One of the most important aspects of our leadership program involves having the non-profit executive participate in a 360-degree assessment. This tool captures feedback from the leader, organizational staff, board members, key donors and other critical stakeholders, allowing the executive to better understand their strengths and develop ways to focus on areas for improvement.
We encourage organizations to take a comprehensive look at their leadership teams and create an actionable professional development plan to promote what works and address what doesn't. The plan can include a variety of personal and professional activities, including formal training and education courses as well as coaching and mentoring programs ranging from improving message development, communication skills, and overall presentation of the organization and its leadership.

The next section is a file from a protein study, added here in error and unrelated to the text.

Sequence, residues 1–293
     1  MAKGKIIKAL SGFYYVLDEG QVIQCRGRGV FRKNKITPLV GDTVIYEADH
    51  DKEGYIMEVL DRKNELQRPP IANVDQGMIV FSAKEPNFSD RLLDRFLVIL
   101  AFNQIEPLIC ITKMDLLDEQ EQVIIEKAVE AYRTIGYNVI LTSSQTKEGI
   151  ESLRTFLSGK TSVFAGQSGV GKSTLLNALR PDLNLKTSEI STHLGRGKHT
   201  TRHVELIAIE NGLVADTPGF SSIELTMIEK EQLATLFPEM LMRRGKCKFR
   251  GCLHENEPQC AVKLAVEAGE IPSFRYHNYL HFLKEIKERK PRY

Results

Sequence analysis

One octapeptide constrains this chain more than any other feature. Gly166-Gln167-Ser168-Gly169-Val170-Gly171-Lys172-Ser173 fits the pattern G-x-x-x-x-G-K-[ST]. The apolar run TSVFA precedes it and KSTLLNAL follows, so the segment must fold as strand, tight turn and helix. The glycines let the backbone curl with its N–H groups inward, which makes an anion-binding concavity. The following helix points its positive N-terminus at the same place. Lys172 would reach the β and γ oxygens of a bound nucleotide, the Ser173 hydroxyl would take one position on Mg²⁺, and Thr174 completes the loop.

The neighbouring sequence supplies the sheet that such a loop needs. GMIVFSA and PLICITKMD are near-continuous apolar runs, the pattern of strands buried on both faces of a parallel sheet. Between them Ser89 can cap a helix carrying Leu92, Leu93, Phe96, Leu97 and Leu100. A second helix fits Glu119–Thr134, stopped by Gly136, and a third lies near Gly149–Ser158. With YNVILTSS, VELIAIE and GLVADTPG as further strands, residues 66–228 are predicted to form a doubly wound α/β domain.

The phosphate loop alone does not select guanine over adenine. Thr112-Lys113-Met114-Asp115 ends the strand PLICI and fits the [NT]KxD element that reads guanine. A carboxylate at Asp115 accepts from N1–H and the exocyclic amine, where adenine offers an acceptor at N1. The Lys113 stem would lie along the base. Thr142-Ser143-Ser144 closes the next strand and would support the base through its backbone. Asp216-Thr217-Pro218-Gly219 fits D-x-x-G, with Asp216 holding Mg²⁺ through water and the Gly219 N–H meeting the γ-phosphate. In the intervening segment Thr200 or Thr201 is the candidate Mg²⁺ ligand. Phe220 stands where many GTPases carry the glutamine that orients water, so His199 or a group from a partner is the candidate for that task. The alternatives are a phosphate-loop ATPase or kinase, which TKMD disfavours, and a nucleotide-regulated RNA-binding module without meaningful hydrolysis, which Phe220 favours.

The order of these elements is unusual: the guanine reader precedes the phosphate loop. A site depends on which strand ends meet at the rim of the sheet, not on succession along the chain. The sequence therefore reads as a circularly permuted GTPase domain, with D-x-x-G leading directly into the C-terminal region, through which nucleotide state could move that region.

What are some of the success stories from the program?
Our leadership coaching program has helped grantee leaders from more than 30 organizations in measurable ways. For example, Chris Bean, executive director of POTS (Part of the Solution) applied the key learnings of the program to produce a fundraising plan focused on increasing board engagement, identifying contributors, increasing gifts and cultivating more private donors. His work led to an increase in funding of 10-20 percent and the organization experienced a 40 percent increase in number the number of clients they were able to connect with food stamps and other government benefits. In addition, they increased the number of people served by their emergency food program by 10 percent, more families to avoid skipping meals or going hungry.